Smallpox really did reduce height : a reply to Razzell
AbstractRazzell argues that the quality of smallpox recording in the Marine Society data set is so poor that ‘the impact of smallpox on average height cannot be settled by analysis of the Marine Society data set’. We believe that this grossly overstates the problems of the records, and is based on a careless reading of the original records on his part. Furthermore, insofar as his claim that some of the boys who are recorded as escaping smallpox had in fact suffered the disease, the direction of bias strengthens rather than weakens the statistical evidence that smallpox reduced height.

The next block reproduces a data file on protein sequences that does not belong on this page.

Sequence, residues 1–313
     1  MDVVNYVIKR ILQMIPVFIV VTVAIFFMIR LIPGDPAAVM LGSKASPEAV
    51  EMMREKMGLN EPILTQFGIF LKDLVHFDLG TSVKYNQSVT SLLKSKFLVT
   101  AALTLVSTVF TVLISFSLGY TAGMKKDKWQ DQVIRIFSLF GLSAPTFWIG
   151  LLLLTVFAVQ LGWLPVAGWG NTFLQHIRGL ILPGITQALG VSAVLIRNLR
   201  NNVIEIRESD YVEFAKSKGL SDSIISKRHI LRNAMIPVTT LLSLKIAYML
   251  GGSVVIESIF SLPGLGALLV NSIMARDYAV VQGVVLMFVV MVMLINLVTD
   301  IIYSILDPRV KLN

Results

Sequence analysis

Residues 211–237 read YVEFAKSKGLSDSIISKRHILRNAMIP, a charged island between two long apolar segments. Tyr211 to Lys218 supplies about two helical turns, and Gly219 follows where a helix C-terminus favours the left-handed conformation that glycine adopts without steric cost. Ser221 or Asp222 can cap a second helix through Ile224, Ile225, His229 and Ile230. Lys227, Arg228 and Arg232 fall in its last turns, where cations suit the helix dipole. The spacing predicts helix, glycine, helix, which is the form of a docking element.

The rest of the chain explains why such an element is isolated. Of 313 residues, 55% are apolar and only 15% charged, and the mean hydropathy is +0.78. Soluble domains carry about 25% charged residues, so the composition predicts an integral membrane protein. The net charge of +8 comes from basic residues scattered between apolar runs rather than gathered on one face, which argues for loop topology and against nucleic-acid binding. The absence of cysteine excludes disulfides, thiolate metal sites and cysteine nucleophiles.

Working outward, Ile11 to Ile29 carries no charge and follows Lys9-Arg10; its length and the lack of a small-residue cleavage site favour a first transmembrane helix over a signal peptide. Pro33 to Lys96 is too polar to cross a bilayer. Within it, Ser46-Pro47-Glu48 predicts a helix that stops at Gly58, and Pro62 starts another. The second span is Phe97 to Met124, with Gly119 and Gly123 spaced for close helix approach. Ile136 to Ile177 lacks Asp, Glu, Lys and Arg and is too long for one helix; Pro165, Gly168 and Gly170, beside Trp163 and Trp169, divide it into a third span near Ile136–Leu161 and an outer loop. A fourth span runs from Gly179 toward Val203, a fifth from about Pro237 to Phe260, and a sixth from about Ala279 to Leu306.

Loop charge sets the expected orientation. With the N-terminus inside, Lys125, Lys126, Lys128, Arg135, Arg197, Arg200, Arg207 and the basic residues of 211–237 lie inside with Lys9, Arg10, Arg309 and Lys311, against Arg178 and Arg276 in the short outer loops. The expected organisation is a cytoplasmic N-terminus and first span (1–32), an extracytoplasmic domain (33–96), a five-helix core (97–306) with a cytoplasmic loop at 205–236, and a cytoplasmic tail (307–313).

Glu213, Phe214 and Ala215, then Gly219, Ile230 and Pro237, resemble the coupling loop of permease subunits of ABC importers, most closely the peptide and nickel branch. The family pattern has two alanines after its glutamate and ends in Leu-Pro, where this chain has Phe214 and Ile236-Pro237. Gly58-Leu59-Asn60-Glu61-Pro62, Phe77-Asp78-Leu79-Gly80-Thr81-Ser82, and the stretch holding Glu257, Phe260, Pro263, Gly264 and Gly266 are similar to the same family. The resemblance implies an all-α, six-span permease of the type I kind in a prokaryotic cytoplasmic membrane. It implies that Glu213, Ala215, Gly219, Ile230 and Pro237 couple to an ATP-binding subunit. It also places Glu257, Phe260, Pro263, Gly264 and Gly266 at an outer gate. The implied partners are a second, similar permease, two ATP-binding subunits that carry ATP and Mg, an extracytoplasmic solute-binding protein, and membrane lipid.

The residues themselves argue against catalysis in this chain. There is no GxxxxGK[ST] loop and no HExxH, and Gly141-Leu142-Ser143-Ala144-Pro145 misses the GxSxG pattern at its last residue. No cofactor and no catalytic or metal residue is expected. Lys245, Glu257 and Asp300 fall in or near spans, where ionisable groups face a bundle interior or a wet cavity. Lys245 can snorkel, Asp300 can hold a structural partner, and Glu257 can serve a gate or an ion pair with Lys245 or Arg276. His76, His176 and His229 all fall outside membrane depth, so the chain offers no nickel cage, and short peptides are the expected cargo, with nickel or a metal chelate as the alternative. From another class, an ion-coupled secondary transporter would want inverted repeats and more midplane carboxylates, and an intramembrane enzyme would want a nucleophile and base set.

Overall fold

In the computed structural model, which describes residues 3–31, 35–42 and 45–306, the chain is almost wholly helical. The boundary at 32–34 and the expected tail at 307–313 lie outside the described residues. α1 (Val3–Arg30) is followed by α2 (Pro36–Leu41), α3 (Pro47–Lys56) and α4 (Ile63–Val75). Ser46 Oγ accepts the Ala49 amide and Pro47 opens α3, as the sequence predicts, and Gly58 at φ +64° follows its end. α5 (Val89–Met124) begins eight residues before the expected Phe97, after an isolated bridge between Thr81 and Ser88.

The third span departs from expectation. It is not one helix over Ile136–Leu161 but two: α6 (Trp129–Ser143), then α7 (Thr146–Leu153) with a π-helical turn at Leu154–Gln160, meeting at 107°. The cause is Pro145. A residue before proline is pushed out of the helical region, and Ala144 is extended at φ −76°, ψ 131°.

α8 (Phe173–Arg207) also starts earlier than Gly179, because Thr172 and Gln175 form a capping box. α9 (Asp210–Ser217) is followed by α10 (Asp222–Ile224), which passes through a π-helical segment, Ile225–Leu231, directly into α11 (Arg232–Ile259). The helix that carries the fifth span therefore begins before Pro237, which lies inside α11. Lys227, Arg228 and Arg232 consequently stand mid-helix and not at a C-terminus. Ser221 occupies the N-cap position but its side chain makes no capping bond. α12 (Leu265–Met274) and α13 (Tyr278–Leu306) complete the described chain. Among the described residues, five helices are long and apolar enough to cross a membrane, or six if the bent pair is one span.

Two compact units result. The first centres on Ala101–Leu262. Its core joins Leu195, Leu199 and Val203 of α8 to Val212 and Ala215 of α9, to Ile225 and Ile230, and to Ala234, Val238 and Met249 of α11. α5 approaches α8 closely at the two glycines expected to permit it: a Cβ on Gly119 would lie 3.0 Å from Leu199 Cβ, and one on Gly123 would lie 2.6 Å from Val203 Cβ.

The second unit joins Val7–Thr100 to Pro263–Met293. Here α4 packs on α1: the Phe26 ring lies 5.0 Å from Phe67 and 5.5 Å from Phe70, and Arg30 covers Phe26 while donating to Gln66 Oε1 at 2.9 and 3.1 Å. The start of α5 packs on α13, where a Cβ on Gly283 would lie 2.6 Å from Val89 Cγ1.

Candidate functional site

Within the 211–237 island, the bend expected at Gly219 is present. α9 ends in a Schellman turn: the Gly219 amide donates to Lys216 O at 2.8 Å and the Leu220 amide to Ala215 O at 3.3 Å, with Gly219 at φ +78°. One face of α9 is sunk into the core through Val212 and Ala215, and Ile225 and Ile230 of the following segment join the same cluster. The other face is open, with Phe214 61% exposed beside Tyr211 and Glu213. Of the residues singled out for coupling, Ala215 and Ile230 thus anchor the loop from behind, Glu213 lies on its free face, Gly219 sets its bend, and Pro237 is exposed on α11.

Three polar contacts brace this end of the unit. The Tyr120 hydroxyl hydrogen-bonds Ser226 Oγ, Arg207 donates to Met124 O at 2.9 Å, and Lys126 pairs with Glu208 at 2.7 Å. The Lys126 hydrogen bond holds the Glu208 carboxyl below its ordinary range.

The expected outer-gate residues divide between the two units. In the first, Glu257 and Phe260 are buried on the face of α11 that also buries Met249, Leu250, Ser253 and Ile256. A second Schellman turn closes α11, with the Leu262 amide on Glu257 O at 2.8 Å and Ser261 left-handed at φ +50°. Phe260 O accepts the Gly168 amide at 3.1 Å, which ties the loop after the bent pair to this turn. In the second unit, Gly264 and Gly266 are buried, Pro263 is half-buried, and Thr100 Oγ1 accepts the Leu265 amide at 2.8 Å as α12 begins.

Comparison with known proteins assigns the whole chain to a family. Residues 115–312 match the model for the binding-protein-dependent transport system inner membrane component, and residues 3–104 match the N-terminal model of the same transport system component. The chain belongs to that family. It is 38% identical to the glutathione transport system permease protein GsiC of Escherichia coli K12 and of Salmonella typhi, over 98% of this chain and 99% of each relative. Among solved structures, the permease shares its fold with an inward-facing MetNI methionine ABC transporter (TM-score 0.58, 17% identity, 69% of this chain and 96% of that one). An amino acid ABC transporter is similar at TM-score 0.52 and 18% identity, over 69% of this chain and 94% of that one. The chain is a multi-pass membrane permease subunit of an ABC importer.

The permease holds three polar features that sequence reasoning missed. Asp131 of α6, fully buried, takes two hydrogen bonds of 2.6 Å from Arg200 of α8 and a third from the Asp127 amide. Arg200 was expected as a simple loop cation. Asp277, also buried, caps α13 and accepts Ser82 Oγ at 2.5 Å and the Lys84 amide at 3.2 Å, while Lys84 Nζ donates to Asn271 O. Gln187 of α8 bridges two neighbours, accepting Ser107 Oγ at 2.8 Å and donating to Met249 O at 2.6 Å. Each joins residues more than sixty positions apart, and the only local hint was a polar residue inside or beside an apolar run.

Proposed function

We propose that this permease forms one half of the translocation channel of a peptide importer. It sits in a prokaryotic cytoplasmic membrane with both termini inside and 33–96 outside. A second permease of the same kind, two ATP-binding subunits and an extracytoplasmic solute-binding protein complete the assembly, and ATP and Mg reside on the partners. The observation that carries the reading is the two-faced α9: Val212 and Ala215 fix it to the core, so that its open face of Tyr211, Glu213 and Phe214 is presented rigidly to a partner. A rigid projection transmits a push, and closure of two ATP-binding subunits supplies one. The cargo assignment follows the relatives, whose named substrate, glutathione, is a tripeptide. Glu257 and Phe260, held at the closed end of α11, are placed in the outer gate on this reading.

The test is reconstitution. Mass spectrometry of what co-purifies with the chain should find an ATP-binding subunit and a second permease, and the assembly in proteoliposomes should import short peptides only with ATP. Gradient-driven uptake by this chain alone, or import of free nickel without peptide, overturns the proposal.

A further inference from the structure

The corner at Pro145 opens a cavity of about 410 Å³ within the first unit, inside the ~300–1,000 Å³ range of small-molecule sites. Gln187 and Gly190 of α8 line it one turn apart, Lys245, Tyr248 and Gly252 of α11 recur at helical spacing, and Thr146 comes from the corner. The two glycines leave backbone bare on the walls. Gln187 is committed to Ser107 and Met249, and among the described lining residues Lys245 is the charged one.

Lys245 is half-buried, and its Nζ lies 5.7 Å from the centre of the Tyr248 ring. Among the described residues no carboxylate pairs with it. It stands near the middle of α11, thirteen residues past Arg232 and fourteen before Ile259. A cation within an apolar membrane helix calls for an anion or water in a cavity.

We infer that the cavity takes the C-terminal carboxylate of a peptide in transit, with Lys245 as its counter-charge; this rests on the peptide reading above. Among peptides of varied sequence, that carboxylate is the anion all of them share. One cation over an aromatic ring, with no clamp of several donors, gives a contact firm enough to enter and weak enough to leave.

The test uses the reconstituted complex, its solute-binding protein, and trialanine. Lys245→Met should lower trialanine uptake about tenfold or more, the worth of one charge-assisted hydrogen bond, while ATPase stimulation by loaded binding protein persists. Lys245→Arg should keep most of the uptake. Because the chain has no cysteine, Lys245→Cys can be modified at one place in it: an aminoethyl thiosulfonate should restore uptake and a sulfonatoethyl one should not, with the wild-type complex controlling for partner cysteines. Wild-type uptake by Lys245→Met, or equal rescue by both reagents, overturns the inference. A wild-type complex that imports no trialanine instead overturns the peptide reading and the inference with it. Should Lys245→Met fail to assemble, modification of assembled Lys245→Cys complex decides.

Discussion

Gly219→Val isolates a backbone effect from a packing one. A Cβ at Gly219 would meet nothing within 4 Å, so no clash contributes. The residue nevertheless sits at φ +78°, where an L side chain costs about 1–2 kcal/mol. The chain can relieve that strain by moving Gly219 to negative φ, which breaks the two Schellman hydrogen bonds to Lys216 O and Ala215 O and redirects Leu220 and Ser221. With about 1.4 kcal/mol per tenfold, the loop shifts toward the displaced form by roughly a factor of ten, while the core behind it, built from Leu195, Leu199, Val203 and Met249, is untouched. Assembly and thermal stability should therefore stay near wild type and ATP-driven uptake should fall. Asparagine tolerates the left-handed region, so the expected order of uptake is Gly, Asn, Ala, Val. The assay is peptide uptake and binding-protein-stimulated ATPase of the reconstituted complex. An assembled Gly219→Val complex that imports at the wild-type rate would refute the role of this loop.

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Bibliographic InfoPaper provided by London School of Economics and Political Science in its series Open Access publications from London School of Economics and Political Science with number http://eprints.lse.ac.uk/496/.
Date of creation: Feb 2001
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Publication status: Published in Economic history review (2001-02) v.54, p.110-114
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- Horrell, Sara & Meredith, David & Oxley, Deborah, 2009. "Measuring misery: Body mass, ageing and gender inequality in Victorian London," Explorations in Economic History, Elsevier, vol. 46(1), pages 93-119, January.
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NBER Working Papers
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